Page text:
“We are proud to help our Blue Sky customers support meaningful projects like this. The Nancy Devereux Center makes such a difference in the community, and embracing solar will make that go even further,” said Diana Knous, regional business manager, Pacific Power. “This is a great

example of the power of partnership to bring more renewable energy projects to our communities.”

Energy Trust has helped more than 1,000 nonprofit organizations and businesses around the state harness solar power to generate clean energy and save money.

Community representatives were present at the event, including State Senator Arnie Roblan, State Representative Caddy McKeown and Coos County Commissioner Melissa Cribbins.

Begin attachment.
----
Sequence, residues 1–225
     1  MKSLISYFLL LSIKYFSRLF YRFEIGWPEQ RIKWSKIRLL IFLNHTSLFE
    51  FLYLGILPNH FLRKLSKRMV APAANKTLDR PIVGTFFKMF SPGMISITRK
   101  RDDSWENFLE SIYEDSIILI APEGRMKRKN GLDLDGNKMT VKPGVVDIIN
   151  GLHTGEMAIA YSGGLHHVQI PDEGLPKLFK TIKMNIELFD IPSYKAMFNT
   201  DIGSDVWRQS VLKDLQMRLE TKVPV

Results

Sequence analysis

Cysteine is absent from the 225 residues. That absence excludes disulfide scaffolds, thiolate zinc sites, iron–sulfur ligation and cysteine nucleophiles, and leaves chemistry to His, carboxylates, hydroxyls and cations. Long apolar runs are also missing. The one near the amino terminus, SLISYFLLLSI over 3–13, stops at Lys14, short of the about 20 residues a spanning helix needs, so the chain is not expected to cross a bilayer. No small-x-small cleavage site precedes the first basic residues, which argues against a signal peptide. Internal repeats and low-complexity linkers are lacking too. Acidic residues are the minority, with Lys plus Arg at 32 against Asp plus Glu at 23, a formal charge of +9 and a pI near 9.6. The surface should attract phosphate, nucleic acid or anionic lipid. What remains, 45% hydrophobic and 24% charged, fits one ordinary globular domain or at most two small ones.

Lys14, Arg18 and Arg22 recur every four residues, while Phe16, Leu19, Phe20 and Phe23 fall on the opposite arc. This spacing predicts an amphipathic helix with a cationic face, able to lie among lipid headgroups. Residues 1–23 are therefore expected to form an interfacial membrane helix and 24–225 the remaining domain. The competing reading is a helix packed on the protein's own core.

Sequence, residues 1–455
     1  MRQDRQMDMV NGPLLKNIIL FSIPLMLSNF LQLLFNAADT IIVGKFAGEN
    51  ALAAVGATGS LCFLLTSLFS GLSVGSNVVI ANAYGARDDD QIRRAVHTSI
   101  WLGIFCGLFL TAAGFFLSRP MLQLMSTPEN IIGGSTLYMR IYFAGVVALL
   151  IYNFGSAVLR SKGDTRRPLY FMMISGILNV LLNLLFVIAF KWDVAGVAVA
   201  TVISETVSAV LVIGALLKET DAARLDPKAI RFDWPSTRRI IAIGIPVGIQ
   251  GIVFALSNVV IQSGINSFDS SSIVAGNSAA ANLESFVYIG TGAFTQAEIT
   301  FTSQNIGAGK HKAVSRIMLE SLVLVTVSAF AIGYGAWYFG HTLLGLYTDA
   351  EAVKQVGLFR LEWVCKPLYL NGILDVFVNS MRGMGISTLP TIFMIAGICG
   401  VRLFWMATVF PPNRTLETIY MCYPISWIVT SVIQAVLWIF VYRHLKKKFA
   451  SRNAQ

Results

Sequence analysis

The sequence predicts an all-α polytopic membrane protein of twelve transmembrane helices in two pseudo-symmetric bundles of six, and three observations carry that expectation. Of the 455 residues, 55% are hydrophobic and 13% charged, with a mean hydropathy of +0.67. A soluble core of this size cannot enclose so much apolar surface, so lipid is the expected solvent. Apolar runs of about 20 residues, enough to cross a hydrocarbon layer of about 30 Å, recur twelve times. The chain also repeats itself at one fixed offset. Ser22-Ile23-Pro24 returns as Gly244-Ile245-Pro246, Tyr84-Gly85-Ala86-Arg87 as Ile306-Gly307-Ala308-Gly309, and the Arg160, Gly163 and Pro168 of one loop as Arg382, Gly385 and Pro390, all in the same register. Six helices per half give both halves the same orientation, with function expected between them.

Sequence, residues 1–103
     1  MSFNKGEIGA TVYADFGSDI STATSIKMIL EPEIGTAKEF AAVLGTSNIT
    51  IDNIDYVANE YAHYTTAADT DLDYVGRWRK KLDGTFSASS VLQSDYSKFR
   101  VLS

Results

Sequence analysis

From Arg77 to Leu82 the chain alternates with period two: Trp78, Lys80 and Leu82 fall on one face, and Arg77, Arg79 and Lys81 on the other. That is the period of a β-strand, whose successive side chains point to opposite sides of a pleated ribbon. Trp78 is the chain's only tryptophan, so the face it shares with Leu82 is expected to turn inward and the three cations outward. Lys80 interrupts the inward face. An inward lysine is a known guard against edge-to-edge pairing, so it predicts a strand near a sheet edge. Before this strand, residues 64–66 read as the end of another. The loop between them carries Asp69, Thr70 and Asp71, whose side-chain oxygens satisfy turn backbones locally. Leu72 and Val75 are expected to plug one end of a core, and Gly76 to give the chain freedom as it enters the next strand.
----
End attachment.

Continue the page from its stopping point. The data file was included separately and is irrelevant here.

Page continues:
Energy Trust of Oregon is an independent nonprofit organization dedicated to helping utility customers benefit from saving energy and generating renewable power. Our services, cash incentives and energy solutions have helped participating customers of Portland General Electric, Pacific Power, NW Natural and Cascade Natural Gas save $2.3 billion on energy bills. Our work helps keep energy costs as low as possible, creates jobs and builds a sustainable energy future. Learn more at www.energytrust.org or call 1-866-368-7878.

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WALLOWA, Ore. — October 18, 2016 — Spaur Ranch celebrated its second small hydropower facility today. Oregon State Senator Bill Hansell, local landowners, government officials, and tribal, nonprofit and utility representatives attended the event in recognition of the efforts by the ranch and others around the state to modernize their irrigation systems.